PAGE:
In 2014, I was one of the first people to sign up for Robinhood. This review outlines how I felt about Robinhood at the time, and some of the cool UI features that would eventually make them (in)famous. I’m keeping this post up because it gives you a good idea on how far Robinhood has come in terms of UI design and how their app worked.
I was invited yesterday to use the (seemingly) exclusive trading platform called Robinhood, that just raised ~$15 million in venture capital funding. They had roughly 500k signups for the initial “beta” or first adopter program, and it looks like they started sending out invitations just a few days ago. If you haven’t heard of Robinhood before, they have been making news in the stock trading circuits for being advertised as a zero-trade commission stock brokerage. Something I had never heard of until now.
So let’s first take a look at their App, which, for the time being, seems to be the only way to make a trade. A cool feature that I immediately noticed is that once you initially signup and make an account, you can use your fingerprint for all future signups (sorry, iPhone 5 and earlier users!). The app is not yet available for Android, although they have announced that this will be a feature added later.
Design and Interfaces
Right off the bat, the app is really beautiful. I’m a sucker for mint/off green colors so that itself is nice from a UI perspective. As far as content, well, it’s lacking in a few places. I found out after playing around with the app that holding your finger across the chart will show chart information based on the day/time. While a nice touch, I would have had no idea that this was an actual feature unless I accidentally rested my finger on it. It does have all the basics, like 52 week high/low, and dividend yields. What it doesn’t have (that I really love when using E-Trade) is a part where it talks about news and company updates. There is lots of room to expand here while still keeping the uncluttered design style.
Funds take 2 business days to transfer to your account. I transferred $500 (there are no minimums for your account balance, did I mention that?). In my account right now it lists as transfer pending, so I should expect to have these funds in my account by tomorrow afternoon. In order to perform a trade, you need to navigate to the search bar and type in the stock symbol or name of the stock you wish to buy, but it won’t show me that option until the funds are in my account.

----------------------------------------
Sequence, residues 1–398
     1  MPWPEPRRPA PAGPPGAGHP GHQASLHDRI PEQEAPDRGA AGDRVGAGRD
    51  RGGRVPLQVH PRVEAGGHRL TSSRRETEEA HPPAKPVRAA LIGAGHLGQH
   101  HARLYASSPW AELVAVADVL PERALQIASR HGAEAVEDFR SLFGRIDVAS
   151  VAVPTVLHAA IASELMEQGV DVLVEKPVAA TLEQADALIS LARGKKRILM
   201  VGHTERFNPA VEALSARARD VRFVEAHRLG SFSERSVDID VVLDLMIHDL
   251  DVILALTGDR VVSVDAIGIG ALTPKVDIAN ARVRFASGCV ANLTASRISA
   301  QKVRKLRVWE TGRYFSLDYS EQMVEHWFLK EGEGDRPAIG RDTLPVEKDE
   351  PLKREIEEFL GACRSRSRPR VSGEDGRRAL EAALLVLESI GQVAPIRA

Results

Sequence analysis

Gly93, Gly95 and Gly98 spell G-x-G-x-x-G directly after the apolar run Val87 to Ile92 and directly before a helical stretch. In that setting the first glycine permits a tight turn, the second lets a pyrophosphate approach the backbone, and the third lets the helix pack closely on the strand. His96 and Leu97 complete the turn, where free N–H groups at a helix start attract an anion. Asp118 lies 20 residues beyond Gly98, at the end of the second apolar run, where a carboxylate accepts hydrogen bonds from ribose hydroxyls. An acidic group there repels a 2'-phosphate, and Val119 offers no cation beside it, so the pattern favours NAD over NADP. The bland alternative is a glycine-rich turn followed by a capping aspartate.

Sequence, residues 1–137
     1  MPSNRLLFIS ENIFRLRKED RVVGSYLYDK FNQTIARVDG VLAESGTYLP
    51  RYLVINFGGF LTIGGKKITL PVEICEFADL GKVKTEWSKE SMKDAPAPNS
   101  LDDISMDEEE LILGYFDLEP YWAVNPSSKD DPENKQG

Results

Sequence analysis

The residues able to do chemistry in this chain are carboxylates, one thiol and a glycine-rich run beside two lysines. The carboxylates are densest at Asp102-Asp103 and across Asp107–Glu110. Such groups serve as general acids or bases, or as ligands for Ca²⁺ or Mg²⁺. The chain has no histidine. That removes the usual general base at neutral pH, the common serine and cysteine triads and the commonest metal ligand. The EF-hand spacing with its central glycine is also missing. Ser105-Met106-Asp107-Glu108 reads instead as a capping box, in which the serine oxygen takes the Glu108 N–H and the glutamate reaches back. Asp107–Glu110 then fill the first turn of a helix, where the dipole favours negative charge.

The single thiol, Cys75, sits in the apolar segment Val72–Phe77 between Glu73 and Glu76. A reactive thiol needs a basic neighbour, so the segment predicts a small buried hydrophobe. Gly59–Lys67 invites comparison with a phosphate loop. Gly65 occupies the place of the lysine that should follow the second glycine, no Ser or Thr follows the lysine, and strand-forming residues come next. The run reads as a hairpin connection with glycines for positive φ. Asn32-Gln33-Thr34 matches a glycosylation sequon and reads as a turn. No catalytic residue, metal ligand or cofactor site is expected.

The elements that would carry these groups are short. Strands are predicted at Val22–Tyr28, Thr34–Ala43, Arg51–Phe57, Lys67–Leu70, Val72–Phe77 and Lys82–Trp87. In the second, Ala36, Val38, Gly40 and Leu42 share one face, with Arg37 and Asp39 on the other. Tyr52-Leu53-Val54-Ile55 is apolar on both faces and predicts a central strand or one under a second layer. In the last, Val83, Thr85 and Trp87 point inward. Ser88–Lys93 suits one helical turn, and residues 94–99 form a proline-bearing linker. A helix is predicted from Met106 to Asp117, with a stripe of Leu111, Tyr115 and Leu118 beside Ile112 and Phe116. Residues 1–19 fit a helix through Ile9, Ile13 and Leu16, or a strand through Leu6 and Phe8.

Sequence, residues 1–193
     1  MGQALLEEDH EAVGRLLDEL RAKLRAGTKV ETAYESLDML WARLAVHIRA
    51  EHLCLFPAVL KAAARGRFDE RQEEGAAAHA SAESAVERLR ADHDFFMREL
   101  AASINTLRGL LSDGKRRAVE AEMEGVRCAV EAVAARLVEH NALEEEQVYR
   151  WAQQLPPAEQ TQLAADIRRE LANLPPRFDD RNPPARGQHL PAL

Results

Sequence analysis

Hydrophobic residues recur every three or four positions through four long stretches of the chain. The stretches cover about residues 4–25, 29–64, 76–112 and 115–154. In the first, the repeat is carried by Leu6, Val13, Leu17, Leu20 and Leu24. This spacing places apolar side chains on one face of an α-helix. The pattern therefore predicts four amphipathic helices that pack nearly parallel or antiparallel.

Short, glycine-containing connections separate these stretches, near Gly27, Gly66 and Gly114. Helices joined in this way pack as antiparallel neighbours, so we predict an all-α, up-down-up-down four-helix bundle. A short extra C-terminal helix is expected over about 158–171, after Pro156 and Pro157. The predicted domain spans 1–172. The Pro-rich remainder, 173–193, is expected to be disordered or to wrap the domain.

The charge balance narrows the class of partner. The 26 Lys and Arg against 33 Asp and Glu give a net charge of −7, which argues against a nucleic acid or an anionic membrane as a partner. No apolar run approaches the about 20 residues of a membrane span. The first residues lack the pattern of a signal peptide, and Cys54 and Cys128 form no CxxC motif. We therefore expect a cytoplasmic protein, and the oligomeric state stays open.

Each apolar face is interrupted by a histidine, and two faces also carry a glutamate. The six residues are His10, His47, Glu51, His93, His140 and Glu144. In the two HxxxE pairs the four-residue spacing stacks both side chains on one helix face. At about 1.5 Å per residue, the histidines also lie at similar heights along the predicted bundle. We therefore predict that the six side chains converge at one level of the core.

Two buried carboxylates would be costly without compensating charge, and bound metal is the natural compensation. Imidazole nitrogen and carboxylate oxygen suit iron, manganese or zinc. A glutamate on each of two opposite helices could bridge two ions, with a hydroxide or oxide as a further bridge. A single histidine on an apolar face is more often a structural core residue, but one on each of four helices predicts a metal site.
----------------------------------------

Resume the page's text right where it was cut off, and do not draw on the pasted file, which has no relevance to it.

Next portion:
Update: Funds deposited
Just as expected, the funds were deposited within two business days. Happily I took the pre-trading survey, which consists of a few questions asking your income and trading experience (the survey is optional, but it took it because, why not?).
Making a trade was simple enough, type in the stock you want, press “Buy” and it will take you to the order screen where you can select either “Market” or “Limit” stock options. I chose Pfizer as my test stock, since it was late at night I knew there was little chance of the trade going through in after-hours, and tried to make a trade.
For the most part, it was very straightforward. Once placing a trade, you are taken to a confirmation screen where it informs you that the trade is being queued. I cancelled the trade right after I placed it (I’m not a whiz at the stock market just yet). I was still able to see my cancelled trade in the Account information tab, and I was pleased to see the following email arrive in my inbox a short time later:
Robinhood, as it stands right now, lacks some of the heavy analytical features that I’m familiar with using the Etrade platform. I don’t know if they plan to expand this in the future, but I think I will use Etrade for research and Robinhood for actually making the trade. The app works flawlessly, I didn’t encounter a single bug while using it (so far) and was easily able to place a trade. One major downside is that there seems to be no phone support, but there was a link to their email support which seems to be the only way of contacting the folks over at Robinhood for the time being. I’ll update this later as I find a stock I like an make an actual trade, but for the time being, Robinhood is sure to be the choice for those unwilling to pay commission fees for each trade.